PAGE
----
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NOAA Seeks Public Comment on a Draft Natural Resource Damage Assessment Plan for the U.S. Steel Site in Duluth, Minnesota

FEB. 6, 2023 — NOAA and other federal, state, and tribal natural resource trustees have released a Draft Damage Assessment Plan for the St. Louis River / U.S. Steel site in Duluth, Minnesota, and are soliciting public comments. The draft plan describes studies and data analysis the trustees may conduct to determine the nature and scale of injuries to natural resources from releases of hazardous wastes at the site.

An aerial image of a body of water.
Aerial photo of the U.S. Steel site taken last year during sediment remediation, with Spirit Island in the foreground. Image credit: 1854 Treaty Authority.

Damage assessment planning is one step in determining the types and amounts of natural resource restoration needed to compensate for ecological harm caused by pollution and the loss of human uses of natural resources.

Natural resource damage assessment, or NRDA, is separate from and in addition to the cleanup of hazardous waste sites. In conducting NRDA, trustee agencies seek to restore injured natural resources, compensate for lost ecological services they would have provided had there not been contaminant releases, and compensate the public for lost or diminished human uses of natural resources as well. 

Natural resources include many parts of the natural environment including water, sediment, fish, birds, and mammals. Human uses include the loss or impairment of recreational opportunities, such as boating; and adverse effects on natural resource-based tribal cultural uses. 

In this geography, cultural losses impact the Anishinaabe (Ojibway) tribe. Spirit Lake and Spirit Island in particular are central to the Anishinaabe (Ojibway) migration story. Spirit Island is a culturally significant location where ceremonies and other traditions are practiced to this day.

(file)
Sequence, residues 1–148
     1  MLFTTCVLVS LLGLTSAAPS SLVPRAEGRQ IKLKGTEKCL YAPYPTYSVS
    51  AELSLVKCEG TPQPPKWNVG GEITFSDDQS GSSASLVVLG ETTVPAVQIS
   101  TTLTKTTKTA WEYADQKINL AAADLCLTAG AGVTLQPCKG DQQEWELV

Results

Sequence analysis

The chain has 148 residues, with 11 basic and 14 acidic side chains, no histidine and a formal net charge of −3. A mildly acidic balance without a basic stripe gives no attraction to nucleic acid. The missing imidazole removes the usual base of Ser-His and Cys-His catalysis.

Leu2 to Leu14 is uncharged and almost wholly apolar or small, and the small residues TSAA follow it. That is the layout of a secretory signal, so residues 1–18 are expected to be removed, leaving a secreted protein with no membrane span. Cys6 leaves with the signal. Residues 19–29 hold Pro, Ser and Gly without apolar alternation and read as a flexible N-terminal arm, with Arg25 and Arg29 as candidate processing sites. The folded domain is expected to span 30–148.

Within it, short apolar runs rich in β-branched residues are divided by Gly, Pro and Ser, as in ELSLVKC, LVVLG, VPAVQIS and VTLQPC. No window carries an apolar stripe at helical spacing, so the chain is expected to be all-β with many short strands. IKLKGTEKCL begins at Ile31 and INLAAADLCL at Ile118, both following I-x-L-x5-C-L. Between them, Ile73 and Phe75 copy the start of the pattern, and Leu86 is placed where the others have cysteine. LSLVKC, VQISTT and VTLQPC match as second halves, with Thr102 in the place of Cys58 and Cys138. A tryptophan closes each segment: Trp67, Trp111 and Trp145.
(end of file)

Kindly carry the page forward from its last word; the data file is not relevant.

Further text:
Recent Developments

In 2020 the natural resource trustees completed a pre-assessment screen, necessary for determining if a natural resource damage assessment is needed; U.S. Steel agreed to cooperate with the trustees on the damage assessment. Before the site sediment was cleaned up, the trustees were able to complete a study on the toxicity of the site sediment to invertebrate biota by collecting and analyzing contaminated sediment. The sediment toxicity study report will be available on NOAA's website for this case by mid-February 2023.

Additional potential damage assessment analyses and studies are described in the Draft Natural Resource Damage Assessment Plan, which is available for public review and comment through March 23, 2023. Upon the close of the public comment period, the trustees will consider comments and issue a final assessment plan, including responses to comments received.

To submit comments on the draft assessment plan electronically,  please send them to Ms. Reena Bowman at Or you can mail them to:

Ms. Reena Bowman
U.S. Fish & Wildlife Service
3815 American Blvd. East
Bloomington, MN 55425

For more information, see the St. Louis River / U.S. Steel site.

Last updated Sunday, February 12, 2023 11:00am PST